New House bill could make texting while driving a primary offense

Reporter: Anika Henanger

Right now, Florida is one of only a handful of states that does not consider texting while driving a primary offense, but a new bill in the works hopes to change that.

Shannon Grant and her sister were hit by a distracted driver eleven years ago in Fort Myers.

“Her life was ruined in six seconds,” said Shannon, who is now a junior at Florida Gulf Coast University.

Her sister Hannah is now living with a traumatic brain injury.

“She was paralyzed to the point that she can’t walk, talk or basically have voluntary movements,” Shannon said. “She’s basically like a hollow version of herself due to one little mistake.”

Shannon made it out with emotional scars. But now she is pursuing a degree at FGCU which is where we met her trying on virtual reality goggles meant to warn students about distracted driving.

The virtual reality simulator says that looking at your phone can be the most dangerous distraction of all.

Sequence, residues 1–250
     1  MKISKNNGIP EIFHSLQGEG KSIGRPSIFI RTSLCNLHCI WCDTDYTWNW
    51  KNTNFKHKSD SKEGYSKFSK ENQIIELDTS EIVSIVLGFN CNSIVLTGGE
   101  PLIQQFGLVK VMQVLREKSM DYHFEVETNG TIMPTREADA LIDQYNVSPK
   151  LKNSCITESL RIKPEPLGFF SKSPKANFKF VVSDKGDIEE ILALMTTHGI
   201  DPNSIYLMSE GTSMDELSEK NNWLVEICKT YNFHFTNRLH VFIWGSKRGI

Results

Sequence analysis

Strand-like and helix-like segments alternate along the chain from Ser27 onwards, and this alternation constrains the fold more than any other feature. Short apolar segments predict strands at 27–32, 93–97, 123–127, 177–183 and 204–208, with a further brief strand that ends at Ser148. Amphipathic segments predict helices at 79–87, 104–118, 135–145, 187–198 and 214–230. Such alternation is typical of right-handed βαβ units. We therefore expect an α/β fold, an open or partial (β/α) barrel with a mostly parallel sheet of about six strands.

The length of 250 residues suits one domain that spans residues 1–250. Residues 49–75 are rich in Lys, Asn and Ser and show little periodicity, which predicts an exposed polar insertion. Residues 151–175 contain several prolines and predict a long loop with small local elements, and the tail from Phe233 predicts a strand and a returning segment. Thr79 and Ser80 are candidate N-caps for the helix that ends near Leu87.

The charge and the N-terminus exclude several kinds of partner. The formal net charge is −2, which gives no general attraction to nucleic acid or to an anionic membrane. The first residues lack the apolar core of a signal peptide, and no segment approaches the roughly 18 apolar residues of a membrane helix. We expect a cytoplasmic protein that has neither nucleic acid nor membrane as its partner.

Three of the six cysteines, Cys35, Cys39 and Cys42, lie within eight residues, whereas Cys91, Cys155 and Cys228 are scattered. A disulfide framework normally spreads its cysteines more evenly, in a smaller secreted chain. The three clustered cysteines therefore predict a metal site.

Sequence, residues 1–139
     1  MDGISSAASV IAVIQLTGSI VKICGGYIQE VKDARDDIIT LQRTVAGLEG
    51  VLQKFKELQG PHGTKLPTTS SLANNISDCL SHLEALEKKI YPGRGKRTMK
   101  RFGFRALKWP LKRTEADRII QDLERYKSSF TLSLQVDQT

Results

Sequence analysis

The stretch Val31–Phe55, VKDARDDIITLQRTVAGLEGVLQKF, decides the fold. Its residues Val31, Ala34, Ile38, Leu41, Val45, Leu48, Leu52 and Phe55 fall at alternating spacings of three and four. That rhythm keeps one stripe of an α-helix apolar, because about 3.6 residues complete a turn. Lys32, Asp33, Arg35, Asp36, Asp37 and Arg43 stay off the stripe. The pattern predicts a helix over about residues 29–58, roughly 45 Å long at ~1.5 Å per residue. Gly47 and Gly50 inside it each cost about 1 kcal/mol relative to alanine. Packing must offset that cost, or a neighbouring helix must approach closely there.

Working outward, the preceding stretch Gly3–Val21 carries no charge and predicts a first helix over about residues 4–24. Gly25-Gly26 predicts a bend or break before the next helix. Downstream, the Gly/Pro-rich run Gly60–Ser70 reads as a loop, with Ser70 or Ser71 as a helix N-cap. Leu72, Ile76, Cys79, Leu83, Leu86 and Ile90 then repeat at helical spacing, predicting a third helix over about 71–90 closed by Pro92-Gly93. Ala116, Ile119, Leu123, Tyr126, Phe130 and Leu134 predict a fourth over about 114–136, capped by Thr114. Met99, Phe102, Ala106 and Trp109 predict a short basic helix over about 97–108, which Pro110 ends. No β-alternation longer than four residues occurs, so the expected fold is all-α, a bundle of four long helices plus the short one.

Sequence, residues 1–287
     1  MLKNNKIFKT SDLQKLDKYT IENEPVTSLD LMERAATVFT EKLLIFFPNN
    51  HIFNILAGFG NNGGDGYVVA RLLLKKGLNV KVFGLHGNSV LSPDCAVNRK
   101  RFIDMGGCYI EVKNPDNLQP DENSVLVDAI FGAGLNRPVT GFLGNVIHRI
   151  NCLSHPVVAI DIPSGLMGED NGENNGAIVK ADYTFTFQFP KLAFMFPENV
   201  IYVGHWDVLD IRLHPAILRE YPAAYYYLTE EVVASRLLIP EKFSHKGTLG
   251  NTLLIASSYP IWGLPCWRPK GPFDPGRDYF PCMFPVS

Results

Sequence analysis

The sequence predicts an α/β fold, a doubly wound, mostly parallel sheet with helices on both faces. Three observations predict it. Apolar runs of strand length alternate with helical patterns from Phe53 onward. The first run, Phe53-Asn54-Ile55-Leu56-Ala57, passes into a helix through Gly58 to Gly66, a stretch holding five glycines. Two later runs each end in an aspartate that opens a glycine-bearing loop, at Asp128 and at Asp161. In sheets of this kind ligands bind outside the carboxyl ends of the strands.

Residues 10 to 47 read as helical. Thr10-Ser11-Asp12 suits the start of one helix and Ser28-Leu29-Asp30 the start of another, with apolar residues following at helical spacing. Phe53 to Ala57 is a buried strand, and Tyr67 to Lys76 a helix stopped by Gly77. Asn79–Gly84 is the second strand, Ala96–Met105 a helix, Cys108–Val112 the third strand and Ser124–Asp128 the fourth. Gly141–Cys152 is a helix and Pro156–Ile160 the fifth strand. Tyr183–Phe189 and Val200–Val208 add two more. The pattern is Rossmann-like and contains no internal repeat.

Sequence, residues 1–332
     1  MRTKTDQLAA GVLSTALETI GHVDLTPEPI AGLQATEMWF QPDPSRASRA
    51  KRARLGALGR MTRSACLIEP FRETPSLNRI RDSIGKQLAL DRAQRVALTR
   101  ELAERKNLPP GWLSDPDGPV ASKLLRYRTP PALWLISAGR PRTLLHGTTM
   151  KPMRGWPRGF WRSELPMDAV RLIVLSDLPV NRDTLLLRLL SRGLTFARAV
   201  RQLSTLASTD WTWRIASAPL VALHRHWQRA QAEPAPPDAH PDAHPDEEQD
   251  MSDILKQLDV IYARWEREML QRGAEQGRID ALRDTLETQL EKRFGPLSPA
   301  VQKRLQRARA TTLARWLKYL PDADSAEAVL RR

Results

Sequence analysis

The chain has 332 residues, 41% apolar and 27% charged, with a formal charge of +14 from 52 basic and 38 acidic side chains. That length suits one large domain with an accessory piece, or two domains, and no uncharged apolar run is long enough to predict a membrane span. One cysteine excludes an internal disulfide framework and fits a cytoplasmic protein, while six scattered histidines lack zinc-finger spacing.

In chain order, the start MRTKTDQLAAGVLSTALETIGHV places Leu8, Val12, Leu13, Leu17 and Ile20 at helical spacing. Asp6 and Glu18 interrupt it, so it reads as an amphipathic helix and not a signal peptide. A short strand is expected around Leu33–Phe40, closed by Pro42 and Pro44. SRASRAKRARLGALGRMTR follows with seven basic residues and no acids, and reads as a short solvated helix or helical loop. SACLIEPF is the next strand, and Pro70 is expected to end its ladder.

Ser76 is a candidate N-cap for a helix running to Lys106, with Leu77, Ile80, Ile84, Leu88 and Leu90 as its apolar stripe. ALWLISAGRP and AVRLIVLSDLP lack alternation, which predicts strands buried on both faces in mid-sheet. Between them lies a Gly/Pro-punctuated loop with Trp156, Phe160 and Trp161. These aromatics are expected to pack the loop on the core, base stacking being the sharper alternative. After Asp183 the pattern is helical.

Right now, you have to be breaking another law to get pulled over by law enforcement. But soon, just touching your phone while driving in Florida could come with stiffer penalties.

“People need to put down their phones, or put them on silent, or even throw them in the glove-box,” Grant said.

House Bill 45 would have you do just that, banning drivers from holding and touching phones.

That would mean you could only start and stop the GPS while driving, no pressing buttons or entering in an address without first pulling over.

Some say those seconds you spend typing can be the difference between life and death.

“You don’t want something like that to happen to one of your family members,” Grant said. And she knows all too well.

Critics worry the law could be used to pull over minorities without a cause and be tougher on drivers with older cars that don’t have Bluetooth capabilities. The new bill will be assessed in March 2019.

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